On the Spot: California school shooting hits close to home for Bowden

English teacher attended Saugus HS for 9th, 10th grade

Devan Patel


Neveah Jones

Coppell High School English teacher Matthew Bowden attended Saugus High School his freshman and sophomore year in 1985-87. The Santa Clarita shooting took place Thursday at Saugus High School in Calif.

Karen Lu, Daily News/Assignment Editor

A quick search on Twitter reveals “two killed, three injured”. On Thursday morning, a school shooting occurred at Saugus High School in Santa Clarita, Calif. 

Coppell High School English teacher Matthew Bowden attended Saugus High School his freshman and sophomore year in 1985-87. Thursday’s shooting left three injured and two dead—a 14-year-old boy and a 15-year-old girl. The shooter was identified as 16-year-old Nathaniel Berhow. 

“It’s weird because the school shooting thing, it’s terrible, it’s a tragedy every time it happens, no matter where it is,” Bowden said. “But when I saw the words ‘Saugus High School’, right there in my hometown, it feels surreal. My first thoughts were ‘God, that’s too close to home.’ I live here now, obviously, but when I say too close to home, I mean too close to my reality. Hearing it happened at a school that I attended, a school in my own backyard where my friends used to ride our skateboards and bikes around and play in the fields and the mountains behind it, it’s like a slap in the face, like a reality check.”

On top of previously attending Saugus High School, being an educator and parent makes Bowden view this situation through a lens different than most.

“As a high school teacher and someone who has two kids in public school, the rash of school shootings has always been top of mind,” Bowden said. “But hearing ‘Saugus High School’, and knowing that’s a school I attended, albeit a long time ago, just made it real.”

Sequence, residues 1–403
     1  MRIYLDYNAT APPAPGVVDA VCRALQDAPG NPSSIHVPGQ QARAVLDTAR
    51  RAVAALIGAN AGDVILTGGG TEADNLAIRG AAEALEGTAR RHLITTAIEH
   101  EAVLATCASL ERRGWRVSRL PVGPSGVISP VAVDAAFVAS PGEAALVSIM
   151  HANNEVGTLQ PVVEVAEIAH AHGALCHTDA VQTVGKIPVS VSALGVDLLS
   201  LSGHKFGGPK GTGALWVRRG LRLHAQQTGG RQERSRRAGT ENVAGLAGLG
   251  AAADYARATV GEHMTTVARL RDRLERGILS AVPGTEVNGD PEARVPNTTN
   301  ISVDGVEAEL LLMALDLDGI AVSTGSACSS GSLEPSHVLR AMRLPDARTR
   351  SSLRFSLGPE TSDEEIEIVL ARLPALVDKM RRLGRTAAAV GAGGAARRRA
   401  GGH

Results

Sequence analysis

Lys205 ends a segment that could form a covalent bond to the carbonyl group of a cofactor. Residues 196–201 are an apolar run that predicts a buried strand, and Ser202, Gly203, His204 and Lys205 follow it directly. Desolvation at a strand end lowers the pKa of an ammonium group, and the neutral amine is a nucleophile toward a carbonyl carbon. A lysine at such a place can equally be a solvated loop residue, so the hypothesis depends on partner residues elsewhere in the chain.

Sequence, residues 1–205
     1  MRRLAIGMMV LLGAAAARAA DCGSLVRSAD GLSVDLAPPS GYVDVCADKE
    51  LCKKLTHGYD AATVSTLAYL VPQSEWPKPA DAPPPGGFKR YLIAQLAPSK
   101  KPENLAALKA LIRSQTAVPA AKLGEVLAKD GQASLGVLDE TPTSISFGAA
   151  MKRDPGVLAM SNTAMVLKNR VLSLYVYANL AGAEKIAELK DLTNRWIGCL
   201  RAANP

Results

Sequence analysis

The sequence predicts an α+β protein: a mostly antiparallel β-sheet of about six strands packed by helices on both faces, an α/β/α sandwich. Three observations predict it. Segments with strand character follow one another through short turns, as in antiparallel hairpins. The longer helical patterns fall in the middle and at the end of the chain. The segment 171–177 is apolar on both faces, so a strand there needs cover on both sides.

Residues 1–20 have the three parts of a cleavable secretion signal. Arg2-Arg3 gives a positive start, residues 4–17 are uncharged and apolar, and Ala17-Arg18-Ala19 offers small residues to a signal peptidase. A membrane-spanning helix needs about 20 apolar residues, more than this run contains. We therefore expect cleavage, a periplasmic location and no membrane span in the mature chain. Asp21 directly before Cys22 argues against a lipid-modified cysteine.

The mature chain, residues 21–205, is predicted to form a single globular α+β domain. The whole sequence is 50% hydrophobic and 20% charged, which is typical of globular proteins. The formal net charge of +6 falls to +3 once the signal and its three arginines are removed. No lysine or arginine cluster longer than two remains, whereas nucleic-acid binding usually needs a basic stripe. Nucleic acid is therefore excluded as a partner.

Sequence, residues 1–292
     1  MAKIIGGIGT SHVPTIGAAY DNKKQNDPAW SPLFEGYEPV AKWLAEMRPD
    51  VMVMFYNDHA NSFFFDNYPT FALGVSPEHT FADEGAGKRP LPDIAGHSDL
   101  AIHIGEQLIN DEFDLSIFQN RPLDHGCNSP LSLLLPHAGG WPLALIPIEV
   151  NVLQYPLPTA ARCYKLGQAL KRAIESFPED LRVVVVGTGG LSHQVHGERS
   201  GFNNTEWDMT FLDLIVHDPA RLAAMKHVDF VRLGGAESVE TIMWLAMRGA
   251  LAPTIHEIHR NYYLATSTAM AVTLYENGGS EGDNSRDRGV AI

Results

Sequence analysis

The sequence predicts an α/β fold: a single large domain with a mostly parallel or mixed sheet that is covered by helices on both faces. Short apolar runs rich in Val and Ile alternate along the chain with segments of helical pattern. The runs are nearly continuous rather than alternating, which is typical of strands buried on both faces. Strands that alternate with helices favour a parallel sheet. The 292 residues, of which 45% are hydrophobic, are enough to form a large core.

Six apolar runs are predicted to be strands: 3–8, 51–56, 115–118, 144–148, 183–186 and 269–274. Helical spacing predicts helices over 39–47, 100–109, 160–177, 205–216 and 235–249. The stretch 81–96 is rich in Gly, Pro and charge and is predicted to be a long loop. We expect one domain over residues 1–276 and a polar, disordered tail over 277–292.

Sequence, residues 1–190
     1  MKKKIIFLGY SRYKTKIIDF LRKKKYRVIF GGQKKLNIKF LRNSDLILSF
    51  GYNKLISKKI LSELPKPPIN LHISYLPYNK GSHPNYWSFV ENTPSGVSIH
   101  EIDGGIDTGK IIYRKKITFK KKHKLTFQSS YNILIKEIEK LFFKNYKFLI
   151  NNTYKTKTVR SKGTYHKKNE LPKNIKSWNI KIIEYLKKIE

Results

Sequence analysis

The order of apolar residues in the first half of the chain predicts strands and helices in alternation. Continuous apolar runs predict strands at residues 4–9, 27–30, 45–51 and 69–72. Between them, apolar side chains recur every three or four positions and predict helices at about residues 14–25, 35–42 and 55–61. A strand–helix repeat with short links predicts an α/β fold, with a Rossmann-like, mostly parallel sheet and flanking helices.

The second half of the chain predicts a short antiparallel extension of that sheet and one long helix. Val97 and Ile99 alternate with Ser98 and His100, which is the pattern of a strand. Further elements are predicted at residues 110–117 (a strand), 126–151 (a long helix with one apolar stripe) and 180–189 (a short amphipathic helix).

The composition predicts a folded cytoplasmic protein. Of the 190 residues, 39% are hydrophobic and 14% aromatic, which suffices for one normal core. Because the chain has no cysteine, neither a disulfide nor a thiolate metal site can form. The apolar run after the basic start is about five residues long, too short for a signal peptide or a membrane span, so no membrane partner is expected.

The Santa Clarita shooting makes it clear that on a regular school day, a child may walk to school and never return home. 

“These are just regular kids going to school on a regular day, and they’re gone now,” Bowden said. “Their lives are over. There’s something about the teen years that are the peak of your life. The world’s open to you and your possibilities in the future are endless. These kids just went to school, where they should feel safe, and now they’re gone because of some senseless act. They’re not going to celebrate Thanksgiving this year with their family, they’re not going to do Christmas.” 

The fact that a tragedy on this scale can happen so close to home makes Bowden contemplate the human propensity to believe in one’s own invincibility, especially in adolescent minds.

“It’s funny; we have this human tendency to think that we understand terrible things happen, but think that would never happen to me,” Bowden said. “It’s really big with kids in high school. With driving, they think there’s this invincibility. The school shooting didn’t happen here, thank God, but it happened somewhere I once was. It just rips you fast into reality and it makes you realize this is happening and it could happen anywhere.”

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